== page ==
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Dry Needling and Acupuncture

Dry Needling and Acupuncture

  • What is dry needling and is it for me?
  • Are there any risks or side effects associated with physiotherapy dry needling?
  • Is dry needling different to acupuncture?

What is Dry Needling and Acupuncture?

Physiotherapists practice ‘dry needling’, which is a sub-type of acupuncture.  Both acupuncture and dry needling use the same type of needle and follow many of the similar points, but the theory and clinical reasoning behind the needle placement is different.  Dry needling is practiced by physiotherapists as it involves the insertion of a needle into soft tissues with the aim of decreasing myofascial tension and improving musculoskeletal function.  In other words, instead of digging our fingers into the sore muscles or trigger points, we can insert a needle to do the same job.  

Acupuncture, on the other hand, is a Traditional Chinese Medicine tool that uses the theory of meridians and the placement of needles is targeted at restoring the body’s qi flow.  Qi is the flow of yin and yang and, by restoring this balance, acupuncturists aim to improve systemic medical pathologies.  

Some physiotherapists have undertaken extra study in the area of acupuncture and are thus entitled to claim they practice the technique.  For the majority, though, dry needling is a fantastic tool based around a physiotherapist’s pre-existing knowledge of anatomy and neurophysiological control of the body.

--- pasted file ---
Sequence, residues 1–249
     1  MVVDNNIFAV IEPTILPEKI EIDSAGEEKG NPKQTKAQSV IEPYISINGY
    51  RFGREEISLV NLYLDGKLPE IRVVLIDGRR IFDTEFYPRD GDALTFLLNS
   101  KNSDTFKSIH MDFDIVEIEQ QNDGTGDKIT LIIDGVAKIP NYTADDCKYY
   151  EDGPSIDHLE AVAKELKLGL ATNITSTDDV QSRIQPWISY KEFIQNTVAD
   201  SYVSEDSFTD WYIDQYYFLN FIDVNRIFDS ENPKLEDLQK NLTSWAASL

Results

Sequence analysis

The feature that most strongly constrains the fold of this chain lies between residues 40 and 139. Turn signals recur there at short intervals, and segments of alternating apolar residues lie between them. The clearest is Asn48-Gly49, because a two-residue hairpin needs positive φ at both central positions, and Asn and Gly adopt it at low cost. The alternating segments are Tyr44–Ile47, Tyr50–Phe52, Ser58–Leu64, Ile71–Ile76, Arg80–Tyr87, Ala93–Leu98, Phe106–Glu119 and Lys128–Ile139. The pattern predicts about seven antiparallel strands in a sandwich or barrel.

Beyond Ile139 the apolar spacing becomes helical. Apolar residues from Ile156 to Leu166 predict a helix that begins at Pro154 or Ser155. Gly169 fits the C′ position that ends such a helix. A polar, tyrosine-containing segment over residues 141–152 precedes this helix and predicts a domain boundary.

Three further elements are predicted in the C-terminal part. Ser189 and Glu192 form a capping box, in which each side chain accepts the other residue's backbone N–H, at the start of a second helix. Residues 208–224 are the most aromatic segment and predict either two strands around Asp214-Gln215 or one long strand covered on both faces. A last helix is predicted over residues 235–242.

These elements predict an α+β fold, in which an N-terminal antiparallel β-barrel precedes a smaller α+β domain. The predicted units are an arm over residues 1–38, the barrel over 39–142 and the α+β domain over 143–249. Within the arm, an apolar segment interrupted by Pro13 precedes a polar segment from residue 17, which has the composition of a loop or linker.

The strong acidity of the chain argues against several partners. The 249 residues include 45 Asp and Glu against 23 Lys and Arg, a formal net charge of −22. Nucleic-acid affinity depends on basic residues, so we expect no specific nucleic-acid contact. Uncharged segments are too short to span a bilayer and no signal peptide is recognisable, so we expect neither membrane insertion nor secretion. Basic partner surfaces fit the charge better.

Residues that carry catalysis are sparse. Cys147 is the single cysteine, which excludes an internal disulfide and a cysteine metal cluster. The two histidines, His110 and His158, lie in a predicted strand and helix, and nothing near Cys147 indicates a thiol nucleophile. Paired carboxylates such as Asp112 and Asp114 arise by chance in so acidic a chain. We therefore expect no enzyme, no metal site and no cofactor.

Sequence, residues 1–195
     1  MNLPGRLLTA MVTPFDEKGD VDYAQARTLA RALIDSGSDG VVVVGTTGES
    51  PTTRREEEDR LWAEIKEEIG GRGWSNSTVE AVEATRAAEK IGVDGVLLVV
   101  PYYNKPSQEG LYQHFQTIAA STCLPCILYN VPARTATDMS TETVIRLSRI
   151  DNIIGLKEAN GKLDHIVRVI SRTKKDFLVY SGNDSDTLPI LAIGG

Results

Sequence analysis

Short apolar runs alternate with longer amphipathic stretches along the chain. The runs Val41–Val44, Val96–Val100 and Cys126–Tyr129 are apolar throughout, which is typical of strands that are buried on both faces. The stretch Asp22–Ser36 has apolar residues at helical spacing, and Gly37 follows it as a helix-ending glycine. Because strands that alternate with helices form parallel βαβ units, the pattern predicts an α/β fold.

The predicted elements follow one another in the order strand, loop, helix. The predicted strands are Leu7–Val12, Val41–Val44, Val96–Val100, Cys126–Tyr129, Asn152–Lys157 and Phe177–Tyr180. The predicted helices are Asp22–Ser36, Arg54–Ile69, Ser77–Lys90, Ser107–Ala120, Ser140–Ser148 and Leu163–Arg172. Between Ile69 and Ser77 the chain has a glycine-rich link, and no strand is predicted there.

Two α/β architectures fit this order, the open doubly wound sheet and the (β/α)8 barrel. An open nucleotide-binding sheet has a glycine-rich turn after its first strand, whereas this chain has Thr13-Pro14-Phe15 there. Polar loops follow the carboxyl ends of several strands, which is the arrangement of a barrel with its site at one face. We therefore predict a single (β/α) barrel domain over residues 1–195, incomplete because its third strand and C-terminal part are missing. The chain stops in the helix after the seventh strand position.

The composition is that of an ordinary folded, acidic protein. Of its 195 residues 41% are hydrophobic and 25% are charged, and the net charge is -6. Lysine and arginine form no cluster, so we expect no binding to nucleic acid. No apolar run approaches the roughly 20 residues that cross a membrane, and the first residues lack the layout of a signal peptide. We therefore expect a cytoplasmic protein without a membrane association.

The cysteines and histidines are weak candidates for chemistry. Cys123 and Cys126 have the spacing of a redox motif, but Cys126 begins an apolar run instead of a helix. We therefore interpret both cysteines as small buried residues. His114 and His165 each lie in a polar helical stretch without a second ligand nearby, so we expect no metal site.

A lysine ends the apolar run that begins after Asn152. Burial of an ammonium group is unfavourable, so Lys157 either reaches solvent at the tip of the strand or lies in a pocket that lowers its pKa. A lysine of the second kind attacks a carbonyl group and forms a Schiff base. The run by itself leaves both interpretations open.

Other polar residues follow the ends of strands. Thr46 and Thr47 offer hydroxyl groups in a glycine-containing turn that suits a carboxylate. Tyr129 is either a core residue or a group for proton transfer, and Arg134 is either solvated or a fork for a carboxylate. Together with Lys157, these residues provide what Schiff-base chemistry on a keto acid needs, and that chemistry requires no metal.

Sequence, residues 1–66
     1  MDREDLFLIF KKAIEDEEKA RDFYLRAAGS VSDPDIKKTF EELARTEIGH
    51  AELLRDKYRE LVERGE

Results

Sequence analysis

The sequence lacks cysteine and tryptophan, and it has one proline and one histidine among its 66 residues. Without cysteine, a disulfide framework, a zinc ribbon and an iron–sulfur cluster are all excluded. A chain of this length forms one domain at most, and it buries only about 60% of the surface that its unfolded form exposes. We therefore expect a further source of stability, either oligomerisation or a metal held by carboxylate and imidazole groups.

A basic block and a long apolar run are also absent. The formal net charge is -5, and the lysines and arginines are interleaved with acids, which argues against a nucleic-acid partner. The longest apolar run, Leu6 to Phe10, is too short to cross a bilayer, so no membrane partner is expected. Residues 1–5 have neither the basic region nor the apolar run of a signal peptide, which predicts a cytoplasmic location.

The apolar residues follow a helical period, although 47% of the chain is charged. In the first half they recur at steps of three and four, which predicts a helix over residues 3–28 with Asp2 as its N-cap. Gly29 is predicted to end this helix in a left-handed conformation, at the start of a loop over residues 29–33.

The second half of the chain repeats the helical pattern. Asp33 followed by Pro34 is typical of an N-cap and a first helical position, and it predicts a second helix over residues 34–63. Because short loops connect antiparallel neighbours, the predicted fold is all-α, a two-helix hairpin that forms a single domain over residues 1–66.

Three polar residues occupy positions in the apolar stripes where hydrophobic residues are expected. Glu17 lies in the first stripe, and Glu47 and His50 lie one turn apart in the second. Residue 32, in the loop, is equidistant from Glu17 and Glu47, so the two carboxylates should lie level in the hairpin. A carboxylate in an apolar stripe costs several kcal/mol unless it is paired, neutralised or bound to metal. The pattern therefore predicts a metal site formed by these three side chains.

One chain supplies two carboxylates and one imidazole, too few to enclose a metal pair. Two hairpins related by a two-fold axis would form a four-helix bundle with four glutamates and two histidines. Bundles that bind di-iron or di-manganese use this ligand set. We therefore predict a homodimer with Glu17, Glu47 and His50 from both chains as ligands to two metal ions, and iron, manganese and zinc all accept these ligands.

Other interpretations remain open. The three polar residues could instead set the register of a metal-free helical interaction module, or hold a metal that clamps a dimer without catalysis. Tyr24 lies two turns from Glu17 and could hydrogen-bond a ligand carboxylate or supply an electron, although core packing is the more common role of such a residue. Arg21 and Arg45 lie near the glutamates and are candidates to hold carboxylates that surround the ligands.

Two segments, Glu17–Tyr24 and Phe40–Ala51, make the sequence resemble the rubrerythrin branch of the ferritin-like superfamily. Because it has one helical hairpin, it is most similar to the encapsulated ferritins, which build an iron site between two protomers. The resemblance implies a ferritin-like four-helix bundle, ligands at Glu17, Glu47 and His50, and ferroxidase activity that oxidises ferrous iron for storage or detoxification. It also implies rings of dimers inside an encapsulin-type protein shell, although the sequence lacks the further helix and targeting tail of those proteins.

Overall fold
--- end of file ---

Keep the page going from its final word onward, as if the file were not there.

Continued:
Needles are inserted into areas of tension, which causes the tissue to react. This reaction is promptly followed by a degree of tissue relaxation and, in many cases, a reduction in pain. Dry needling is really helpful when treating a large area of muscle tension. In addition, patients who are sensitive to touch when in acute pain often find dry needling extremely effective, as their tightness can be released with minimal hands-on therapy.

Usually after dry needling your physio may suggest you rest, and ensure you have good fluid intake. You may have an increase in pain afterwards, where the application of ice maybe appropriate. This is usually due to an inflammatory response to treatment. Some people find they may have increased fatigue, bleeding, bruising or skin/site reactions. Your physiotherapist will discuss any side effects with you in detail and ensure informed consent is gained prior to any dry needling.

Common Conditions Treated With Dry Needling

Dry needling maybe used if you have symptoms of pain or injury to a particular area of your body that are not considered sinister in any way. This may include:

  • Neck pain
  • Lower back pain
  • Shoulder pain
  • Muscle tears
  • Sporting injuries
  • Tennis elbow
  • Bursitis

How can we Help?

At Active Rehabilitation Physiotherapy, you are assessed by your physiotherapist and if they feel that dry needling may be effective in your situation, they will present it as one of your treatment options.  If you would like to try dry needling, your physiotherapist will explain the process as well as any potential complications.  All physiotherapists who practice dry needling have undergone training in the technique.

Appropriate infection control measure will always be taken if you are have dry needling.

What Should I Expect From my Appointment?

  • Detailed Interview to fully understand your symptoms and history and your specific goals.
  • Physical Assessment
  • Targeted Treatments including dry needling.
  • Communication and Collaboration with your medical team to keep them informed of your progress and to support your care.

Where can I see my Physiotherapist?

On this page

In Clinic

Online Video Appointments

Web & Mobile App

Private Gymnasium